On Thursday (Sep. 10), the Senate voted on a “scaled back” stimulus bill. The proposed package did not meet the 60-vote threshold, and failed with a vote of 52-47. Senator Rand Paul (R-KY) was the only Republican to vote against the bill. The legislation included funding for the Paycheck Protection Program, expanded unemployment benefits, schools, the U.S. Postal Service, and liability protections for businesses, schools, and health care providers.


FERC Nominations

The Senate Energy and Natural Resources Committee scheduled a hearing for Wednesday (Sep. 16) to consider President Trump’s nominees for two open Federal Energy Regulatory Commission (FERC) commissioner spots. Nominees include Democrat Allison Clements and Republican Mark Christie.



[1] Lefebvre, Ben & Colman, Zack. “Trump expands oil drilling moratorium for Florida.” Politico Pro, 8 Sep. 2020. https://link.edgepilot.com/s/c9e0d903/TheqZ1nPw0_y3tccnJbIVQ?u=https://subscriber.politicopro.com/article/2020/09/trump-to-expand-oil-drilling-moratorium-for-florida-1990176

[2] Dumain, Emma; Cama, Timothy; & Richards, Heather. “Trump scrambles talking points with offshore drilling ban.” E&E Daily, 9 Sep. 2020. https://link.edgepilot.com/s/237f70a8/BWCyDzl4IU2JuVOEcp9g0A?u=https://www.eenews.net/eedaily/2020/09/09/stories/1063713209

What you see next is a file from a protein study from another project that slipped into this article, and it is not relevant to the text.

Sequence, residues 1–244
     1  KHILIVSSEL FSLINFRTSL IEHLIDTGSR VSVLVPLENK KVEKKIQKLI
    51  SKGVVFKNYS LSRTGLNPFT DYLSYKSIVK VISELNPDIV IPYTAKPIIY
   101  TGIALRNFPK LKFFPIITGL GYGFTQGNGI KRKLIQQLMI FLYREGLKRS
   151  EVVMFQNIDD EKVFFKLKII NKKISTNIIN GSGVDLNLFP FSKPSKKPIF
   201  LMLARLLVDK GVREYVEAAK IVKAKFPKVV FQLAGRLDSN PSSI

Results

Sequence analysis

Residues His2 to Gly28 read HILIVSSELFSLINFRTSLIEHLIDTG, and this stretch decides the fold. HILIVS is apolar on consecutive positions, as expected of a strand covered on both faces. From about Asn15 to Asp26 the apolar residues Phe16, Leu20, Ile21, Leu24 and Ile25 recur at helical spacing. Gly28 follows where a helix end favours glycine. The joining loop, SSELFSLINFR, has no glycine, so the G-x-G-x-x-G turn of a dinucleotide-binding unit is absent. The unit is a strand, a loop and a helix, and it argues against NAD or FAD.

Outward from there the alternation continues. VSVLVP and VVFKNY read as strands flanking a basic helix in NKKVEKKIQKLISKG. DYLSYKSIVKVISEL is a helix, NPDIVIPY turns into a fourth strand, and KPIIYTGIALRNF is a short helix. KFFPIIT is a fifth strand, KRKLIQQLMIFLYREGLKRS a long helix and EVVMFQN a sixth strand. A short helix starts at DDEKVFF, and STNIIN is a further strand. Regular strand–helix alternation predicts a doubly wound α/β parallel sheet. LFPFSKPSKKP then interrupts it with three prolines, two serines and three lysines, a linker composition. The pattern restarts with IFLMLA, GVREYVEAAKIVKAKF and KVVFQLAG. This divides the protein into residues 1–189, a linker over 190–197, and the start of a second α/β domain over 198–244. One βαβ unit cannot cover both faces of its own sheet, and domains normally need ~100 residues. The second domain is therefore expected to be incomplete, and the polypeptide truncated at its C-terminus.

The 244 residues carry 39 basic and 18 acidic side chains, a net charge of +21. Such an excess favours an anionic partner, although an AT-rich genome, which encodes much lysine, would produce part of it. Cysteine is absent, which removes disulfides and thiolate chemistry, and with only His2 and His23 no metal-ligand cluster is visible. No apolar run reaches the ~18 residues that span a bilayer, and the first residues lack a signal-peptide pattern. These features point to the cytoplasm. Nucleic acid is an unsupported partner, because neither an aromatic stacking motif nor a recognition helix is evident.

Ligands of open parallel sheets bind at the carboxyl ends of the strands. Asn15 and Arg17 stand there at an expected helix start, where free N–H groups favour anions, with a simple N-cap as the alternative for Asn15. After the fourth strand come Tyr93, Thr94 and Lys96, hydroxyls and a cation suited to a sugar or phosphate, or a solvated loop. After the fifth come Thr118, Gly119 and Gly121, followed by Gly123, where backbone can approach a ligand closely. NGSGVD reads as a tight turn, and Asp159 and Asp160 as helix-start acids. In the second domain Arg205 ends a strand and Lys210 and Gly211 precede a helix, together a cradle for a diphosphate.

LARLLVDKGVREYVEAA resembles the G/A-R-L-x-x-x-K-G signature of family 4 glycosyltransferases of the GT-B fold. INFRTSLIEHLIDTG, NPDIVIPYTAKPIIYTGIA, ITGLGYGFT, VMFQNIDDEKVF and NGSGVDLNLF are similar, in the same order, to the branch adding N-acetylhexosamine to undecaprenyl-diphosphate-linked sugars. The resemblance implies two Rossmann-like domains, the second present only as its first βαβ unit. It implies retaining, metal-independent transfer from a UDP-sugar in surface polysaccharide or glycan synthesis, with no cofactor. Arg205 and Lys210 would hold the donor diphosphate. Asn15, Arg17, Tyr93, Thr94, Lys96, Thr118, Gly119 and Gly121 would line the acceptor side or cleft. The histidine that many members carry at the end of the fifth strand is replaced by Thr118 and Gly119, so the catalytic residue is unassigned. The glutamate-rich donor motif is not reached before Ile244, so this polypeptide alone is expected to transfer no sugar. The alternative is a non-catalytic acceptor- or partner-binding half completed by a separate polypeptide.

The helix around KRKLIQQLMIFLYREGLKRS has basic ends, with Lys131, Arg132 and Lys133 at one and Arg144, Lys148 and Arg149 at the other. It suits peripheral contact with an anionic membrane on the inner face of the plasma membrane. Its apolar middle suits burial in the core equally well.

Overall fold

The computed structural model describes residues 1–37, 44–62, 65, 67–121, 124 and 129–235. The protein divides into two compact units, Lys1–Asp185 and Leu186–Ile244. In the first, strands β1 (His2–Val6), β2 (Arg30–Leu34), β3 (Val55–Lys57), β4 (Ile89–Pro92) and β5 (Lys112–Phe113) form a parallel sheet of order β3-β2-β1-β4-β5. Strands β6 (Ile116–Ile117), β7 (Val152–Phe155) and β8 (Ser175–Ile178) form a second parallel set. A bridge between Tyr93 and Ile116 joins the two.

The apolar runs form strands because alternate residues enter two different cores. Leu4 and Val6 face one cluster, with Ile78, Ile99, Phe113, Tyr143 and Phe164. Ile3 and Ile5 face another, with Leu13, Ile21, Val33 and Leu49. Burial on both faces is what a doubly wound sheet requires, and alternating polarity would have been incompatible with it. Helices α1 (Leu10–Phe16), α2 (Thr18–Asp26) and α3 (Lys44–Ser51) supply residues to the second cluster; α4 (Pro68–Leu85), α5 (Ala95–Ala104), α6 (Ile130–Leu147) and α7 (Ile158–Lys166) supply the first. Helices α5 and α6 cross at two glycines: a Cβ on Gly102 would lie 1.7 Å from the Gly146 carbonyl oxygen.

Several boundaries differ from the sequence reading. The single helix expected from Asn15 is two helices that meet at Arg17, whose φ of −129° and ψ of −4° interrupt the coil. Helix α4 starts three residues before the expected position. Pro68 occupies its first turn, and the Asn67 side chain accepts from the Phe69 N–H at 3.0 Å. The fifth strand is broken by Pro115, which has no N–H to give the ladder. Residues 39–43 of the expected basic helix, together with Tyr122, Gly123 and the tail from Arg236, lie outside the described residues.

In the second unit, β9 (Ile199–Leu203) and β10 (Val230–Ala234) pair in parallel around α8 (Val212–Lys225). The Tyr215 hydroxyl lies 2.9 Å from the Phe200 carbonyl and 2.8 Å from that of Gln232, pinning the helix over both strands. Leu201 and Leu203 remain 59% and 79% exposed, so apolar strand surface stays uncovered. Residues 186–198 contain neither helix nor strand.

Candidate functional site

[3] Adragna, Anthony. “Democrats unveil roadmap to address pandemic, economic, racial and climate crises.” Politico Pro, 10 Sep. 2020. https://link.edgepilot.com/s/5a594d9d/FiiNIqDKF0a5uNBTVHQ7Vg?u=https://subscriber.politicopro.com/article/2020/09/democrats-unveil-roadmap-to-address-pandemic-economic-racial-and-climate-crises-3983810

[4] Wolff, Eric. “Barrasso, Carper, Kennedy cut deal on coolant phaseout.” Politico Pro, 10 Sep. 2020. https://link.edgepilot.com/s/8bd21c96/LIrV1pL85Emax-dgYl-93Q?u=https://subscriber.politicopro.com/article/2020/09/barrasso-carper-kennedy-cut-deal-on-coolant-phaseout-3983823

[5] Dillon, Jeremy. “HFC deal earns praise, may jump-start energy bill debate.” E&E Daily, 11 Sep. 2020. https://link.edgepilot.com/s/17d536ee/fnt7sY9zBkGrw8Yt3buRmQ?u=https://www.eenews.net/eedaily/stories/1063713463

[6] Lefebvre, Ben. “States sue Trump administration over ANWR drilling plans.” Politico Pro, 9 Sep. 2020. https://link.edgepilot.com/s/e9a083f2/sOlp3A4h1UWoVMnM2isQ-g?u=https://subscriber.politicopro.com/article/2020/09/09/states-sue-trump-administration-over-anwr-drilling-plans-1316198

[7] Lefebvre, Ben. “U.S. oil production at lowest level since January 2018.” Politico Pro. 10 Sep. 2020. https://link.edgepilot.com/s/4c2b73e4/OSHbhtn7jkiLiweet7qv6w?u=https://subscriber.politicopro.com/article/2020/09/us-oil-production-at-lowest-level-since-january-2018-3983811

[8] Dillon, Jeremy. “Committee approves storage, DOE management bills.” E&E Daily, 10 Sep. 2020. https://link.edgepilot.com/s/bbfb87f8/sw25y8cL1kaR4yXYJw7A6w?u=https://www.eenews.net/eedaily/2020/09/10/stories/1063713335


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The Week Ahead